The development of magnetic resonance imaging (MRI) has vastly altered the field of radiology, particularly neuroradiology and by extension to a certain degree the practice of neurology and neurosurgery. Unlike the rapid implementation of X-rays after they were discovered by Wilhelm Roentgen in 1895, it took more than 40 yr before the clinical application of nuclear magnetic resonance (NMR) principles was realized. The fundamentals of NMR were first outlined by a Dutch physicist named G. J. Gorter in 1936 (1,2) and refined by Bloch and Purcell in 1946 (3,4) but it was not until 1973 when Lauterbur (5) suggested using magnetic field gradients and NMR to encode position information that the current clinical use of NMR medical imaging was established. Still, it required many years of contributions from the basic science fields of physics, chemistry, and engineering before the development and subsequent implementation of the clinical scanners that we use today.
Every clinical imaging MR magnet requires a minimum of five coils for operation. The most important is the main gradient (in the z direction, along the length of the bore) with a field of B0 that lines up all the hydrogen proton spins at Larmor frequency, which is defined as the product of field strength (B) and the gyromagnetic constant of the proton (y). The Larmor frequency of the water proton (chosen because of its abundance in body tissue) is dependent on the magnetic field strength, calculated as 42.57 MHz at 1 T and 63.86 MHz at 1.5 T. Magnetic field strength is invariably described in Gauss (G, smaller field) and Tesla (T, larger field) where 1 T =10,000 G. To give a perspective on the scale, the earth's magnetic field is measured at approx 0.5 G. The goal of the magnet is for B0 to give a spatial homogeneity of approx 10 ppm/40-cm sphere and temporal stability of 0.1 ppm/h.
The other four coils include a set of three orthogonal (z or slice-select, y or phase-encoding, x or frequency-encoding) gradients that can be turned on and off, which gives each proton spin a different time dependence that is essential for position encoding. The last coil is the radiofrequency (RF) coil, which
From: Minimally Invasive Neurosurgery, edited by: M.R. Proctor and P.M. Black © Humana Press Inc., Totowa, NJ
provides a uniform low-amplitude magnetic field near the Larmor frequency that can be switched on and off for excitation (short burst of RF at 0.1-10 kW for a few milliseconds) and for receiving or readout of signals (free induction decay 10-1000 ms) (6-8).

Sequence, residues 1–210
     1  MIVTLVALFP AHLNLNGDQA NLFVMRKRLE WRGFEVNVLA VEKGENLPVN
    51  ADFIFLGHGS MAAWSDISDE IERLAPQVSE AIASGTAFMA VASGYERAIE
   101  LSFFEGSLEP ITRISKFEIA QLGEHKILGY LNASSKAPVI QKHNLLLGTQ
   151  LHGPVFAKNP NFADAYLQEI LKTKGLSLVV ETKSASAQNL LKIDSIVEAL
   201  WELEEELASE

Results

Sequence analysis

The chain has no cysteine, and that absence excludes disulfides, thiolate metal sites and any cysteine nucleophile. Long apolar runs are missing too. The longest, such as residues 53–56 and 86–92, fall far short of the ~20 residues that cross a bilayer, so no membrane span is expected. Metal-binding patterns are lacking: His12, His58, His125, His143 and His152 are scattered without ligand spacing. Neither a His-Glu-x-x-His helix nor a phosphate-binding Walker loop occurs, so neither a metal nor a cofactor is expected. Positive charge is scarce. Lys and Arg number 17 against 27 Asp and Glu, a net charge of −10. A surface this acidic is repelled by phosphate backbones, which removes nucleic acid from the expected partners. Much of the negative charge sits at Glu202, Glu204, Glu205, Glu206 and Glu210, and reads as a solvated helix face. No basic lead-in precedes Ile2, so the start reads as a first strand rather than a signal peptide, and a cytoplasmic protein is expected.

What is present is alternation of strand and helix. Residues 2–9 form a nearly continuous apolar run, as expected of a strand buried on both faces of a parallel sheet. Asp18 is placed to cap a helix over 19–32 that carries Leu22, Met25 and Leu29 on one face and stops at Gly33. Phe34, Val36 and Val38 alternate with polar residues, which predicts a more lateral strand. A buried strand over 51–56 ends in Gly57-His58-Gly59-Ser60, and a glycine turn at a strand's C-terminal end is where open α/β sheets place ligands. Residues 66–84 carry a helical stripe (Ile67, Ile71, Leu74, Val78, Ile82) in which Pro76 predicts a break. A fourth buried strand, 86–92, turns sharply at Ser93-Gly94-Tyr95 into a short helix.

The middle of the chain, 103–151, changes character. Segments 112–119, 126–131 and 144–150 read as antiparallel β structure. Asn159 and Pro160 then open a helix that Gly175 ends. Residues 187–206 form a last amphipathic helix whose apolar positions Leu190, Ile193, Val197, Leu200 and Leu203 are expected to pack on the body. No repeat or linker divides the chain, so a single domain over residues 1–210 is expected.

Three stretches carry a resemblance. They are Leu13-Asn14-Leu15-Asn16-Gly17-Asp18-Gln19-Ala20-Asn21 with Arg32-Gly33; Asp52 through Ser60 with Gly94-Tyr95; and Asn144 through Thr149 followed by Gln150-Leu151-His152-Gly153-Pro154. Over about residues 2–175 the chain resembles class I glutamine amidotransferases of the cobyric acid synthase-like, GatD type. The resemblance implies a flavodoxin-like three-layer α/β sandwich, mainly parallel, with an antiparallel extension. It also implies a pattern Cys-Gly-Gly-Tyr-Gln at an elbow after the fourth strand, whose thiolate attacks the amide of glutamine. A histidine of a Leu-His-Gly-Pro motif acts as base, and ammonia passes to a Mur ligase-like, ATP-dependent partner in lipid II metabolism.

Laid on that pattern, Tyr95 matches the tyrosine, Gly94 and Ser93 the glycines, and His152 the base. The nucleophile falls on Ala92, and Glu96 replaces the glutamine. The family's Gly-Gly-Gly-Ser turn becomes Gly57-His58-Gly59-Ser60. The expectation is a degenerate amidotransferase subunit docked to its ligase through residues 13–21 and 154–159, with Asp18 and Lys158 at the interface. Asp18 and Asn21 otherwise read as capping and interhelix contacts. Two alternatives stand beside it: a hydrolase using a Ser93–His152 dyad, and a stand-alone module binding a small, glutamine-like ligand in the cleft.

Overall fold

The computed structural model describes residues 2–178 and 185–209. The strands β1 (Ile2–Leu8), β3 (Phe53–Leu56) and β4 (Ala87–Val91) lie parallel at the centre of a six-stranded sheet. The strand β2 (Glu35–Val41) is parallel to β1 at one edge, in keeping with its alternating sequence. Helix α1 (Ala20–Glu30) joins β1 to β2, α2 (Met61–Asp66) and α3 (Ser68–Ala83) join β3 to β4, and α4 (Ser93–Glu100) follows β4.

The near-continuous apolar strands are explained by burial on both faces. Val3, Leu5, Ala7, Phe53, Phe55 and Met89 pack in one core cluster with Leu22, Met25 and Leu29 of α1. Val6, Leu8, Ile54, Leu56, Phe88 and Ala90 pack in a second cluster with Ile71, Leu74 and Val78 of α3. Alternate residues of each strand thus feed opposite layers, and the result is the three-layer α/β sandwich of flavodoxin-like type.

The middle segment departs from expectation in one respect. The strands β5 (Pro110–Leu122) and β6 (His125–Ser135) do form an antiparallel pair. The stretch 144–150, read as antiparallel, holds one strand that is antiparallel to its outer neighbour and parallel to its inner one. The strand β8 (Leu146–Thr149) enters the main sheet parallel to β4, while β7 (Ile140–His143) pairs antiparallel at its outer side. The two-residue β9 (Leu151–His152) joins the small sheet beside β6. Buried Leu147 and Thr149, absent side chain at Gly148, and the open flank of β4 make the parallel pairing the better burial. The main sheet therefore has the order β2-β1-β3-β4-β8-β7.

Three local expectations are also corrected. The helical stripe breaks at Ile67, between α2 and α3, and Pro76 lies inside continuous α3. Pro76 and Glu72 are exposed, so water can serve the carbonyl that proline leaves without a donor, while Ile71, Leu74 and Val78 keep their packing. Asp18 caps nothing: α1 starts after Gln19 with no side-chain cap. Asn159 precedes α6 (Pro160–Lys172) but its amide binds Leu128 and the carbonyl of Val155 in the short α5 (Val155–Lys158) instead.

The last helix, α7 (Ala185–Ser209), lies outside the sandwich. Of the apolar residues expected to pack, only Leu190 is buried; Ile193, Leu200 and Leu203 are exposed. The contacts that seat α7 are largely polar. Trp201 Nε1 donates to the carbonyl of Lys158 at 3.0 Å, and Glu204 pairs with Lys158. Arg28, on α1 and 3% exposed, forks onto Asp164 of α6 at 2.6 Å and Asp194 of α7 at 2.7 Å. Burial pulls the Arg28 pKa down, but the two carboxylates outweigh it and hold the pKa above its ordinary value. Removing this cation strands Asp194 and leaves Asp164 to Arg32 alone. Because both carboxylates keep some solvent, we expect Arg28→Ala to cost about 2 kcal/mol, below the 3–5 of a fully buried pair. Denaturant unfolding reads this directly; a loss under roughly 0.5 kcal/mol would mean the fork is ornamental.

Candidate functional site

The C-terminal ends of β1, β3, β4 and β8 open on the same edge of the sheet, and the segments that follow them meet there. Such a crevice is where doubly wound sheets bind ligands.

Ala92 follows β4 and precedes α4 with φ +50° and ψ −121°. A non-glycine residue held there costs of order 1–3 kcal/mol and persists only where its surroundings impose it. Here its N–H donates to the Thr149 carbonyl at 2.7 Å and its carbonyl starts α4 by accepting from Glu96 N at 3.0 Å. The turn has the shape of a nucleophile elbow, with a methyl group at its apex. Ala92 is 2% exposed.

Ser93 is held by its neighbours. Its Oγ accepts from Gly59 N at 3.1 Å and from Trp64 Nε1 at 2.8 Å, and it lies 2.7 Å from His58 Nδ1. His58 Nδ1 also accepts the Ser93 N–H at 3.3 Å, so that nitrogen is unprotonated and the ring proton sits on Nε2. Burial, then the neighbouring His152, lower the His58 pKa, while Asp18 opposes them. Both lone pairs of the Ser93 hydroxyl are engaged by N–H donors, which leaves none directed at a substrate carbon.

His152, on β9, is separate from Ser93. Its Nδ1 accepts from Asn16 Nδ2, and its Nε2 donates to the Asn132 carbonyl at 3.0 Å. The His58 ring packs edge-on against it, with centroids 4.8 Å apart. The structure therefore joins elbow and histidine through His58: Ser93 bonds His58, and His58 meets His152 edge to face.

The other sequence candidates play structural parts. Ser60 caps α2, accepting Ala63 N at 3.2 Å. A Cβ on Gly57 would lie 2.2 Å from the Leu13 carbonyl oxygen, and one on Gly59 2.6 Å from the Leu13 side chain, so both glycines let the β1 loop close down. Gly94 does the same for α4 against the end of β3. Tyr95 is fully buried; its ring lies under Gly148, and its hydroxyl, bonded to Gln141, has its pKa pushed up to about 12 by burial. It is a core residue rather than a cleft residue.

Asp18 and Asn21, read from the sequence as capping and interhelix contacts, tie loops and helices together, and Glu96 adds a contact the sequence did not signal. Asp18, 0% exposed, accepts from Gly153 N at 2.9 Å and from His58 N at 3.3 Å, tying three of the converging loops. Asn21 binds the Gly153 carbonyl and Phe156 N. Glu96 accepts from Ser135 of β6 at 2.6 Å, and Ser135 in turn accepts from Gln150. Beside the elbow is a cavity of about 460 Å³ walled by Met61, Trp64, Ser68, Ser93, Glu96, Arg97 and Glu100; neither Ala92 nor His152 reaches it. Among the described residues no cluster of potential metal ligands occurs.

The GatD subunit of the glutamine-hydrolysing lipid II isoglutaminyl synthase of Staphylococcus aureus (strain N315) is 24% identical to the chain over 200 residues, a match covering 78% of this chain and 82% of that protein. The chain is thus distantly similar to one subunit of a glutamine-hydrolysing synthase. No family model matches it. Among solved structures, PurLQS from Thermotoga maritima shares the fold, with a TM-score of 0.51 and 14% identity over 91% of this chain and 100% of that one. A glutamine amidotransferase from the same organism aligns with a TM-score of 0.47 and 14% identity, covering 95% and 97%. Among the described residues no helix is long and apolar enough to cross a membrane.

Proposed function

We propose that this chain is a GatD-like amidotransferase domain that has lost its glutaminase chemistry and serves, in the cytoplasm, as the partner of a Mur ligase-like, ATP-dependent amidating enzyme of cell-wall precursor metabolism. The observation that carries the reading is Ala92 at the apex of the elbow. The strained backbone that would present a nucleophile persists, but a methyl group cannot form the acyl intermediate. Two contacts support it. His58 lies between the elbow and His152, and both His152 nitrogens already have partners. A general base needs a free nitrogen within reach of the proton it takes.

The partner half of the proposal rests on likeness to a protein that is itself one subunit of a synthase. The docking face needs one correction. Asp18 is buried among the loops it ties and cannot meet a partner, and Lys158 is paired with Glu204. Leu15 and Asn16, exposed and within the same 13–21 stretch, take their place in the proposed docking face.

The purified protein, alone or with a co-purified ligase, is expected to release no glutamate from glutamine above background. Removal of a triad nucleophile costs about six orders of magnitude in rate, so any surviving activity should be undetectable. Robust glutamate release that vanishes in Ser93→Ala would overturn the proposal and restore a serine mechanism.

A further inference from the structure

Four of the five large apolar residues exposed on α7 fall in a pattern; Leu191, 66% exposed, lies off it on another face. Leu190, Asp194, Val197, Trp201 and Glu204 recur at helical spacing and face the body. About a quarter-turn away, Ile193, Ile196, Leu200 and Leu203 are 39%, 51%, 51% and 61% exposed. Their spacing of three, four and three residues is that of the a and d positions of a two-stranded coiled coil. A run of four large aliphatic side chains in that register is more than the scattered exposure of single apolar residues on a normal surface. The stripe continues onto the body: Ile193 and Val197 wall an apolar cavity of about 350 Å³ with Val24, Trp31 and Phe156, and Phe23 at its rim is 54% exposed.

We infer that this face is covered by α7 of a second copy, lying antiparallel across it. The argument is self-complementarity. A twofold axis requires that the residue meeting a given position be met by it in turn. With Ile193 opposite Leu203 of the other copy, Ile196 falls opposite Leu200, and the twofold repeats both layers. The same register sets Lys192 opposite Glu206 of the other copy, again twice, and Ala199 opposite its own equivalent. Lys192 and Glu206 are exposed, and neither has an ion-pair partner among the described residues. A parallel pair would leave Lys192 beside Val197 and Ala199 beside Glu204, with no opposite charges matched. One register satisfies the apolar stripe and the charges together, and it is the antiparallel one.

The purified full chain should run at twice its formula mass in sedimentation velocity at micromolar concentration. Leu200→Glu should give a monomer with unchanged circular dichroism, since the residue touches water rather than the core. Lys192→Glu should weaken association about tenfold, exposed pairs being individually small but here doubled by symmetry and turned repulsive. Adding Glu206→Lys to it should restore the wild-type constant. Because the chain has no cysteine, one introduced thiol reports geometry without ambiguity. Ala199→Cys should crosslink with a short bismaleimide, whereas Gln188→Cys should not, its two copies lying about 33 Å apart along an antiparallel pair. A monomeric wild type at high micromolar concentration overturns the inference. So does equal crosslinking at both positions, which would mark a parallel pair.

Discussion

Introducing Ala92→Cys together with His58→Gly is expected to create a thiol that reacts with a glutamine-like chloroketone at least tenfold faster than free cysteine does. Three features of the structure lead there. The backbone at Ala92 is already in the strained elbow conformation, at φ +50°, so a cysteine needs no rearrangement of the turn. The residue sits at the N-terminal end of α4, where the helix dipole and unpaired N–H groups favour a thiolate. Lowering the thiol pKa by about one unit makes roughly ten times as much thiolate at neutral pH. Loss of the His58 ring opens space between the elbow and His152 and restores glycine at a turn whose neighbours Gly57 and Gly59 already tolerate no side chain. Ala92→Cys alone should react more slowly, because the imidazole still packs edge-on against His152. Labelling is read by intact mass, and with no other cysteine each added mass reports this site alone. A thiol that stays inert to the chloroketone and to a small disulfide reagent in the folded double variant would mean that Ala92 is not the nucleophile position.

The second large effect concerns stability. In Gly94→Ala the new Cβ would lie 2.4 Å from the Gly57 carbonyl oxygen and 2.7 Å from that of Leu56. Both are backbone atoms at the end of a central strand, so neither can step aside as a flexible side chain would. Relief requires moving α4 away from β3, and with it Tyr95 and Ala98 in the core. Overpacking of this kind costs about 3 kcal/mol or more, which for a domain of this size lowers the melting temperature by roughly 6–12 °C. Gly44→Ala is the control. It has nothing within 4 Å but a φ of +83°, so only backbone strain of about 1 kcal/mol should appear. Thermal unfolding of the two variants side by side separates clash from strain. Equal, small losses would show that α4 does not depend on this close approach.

Other varieties of more specialized RF coils include surface coils (placed close to the anatomical site), which are often smaller receive-only coils tailored to specific anatomical regions such as the orbit, temporal mandibular joint, extremities, and spine for increased signal-to-noise ratio (SNR) and at the same time using the larger body RF coil as transmitter. Phase-array coils are in essence multiple surface coils assembled to give an improved SNR but able to cover a larger area or field of view often used in the setting of total spine imaging (9). The design of the orthogonal gradient coils is such that they are perpendicular to B0 (except the z gradient), the most common being the quadrature configuration that yields an increase in SNR of the square root of 2.
During the early years, the permanent and resistive magnetic materials used were limited by their tremendous weight (tons) and inability to sustain a homogeneous magnetic field. Most, if not all, of the current mid- to high-field magnets (0.5-4 T) are made from superconducting alloys (niobium-titanium) that are wound into a coil configuration and whereby the magnetic field is generated by an electric current that passes through these coils. To maintain a temperature below the transition temperature of the superconducting alloy (10°K), liquid helium at 4°K is circulated around the coil while at the same time further buffering with the ambient temperature is accomplished by circulating liquid nitrogen at 77°K within the outer layer (10) (Fig. 1).
All magnetic fields are generated from electric currents and electric fields secondary to either changing electric current or charge accumulation. The magnetic field that a proton experiences depends on the cumulative sum of fields from all five coils. Coil design and configuration, the materials used in the manufacture of the magnet, electrical conductivity, and heat generated (by gradient coils) are a few of the variables that contribute to the imperfection of the field homogeneity and magnet inefficiency. In addition, eddy currents are often generated from the support material, RF coils, and at times even the mere presence of the patient within the magnet. These eddy currents in turn can be corrected by shimming or shielding via smaller coils that have opposite flowing electric current (11,12).
Unlike conventional X-rays, MRI is not a transmission technique but rather a technology whereby signal is generated from proton spins (primarily in cellular water and lipid and not DNA, protein, or bone) that have been perturbed from equilibrium. The voltage generated is secondary to the spin magnetization that is proportional to the static magnetic field strength and spin density. The tissue contrast thus generated results from small differences in tissue water concentration under nonequilibrium conditions. The term spin relaxation consists of both the time necessary for the spins to return to the equilibrium state and the transfer of energy among themselves and the surrounding environment.
X.Y.Z.Bo shield windings
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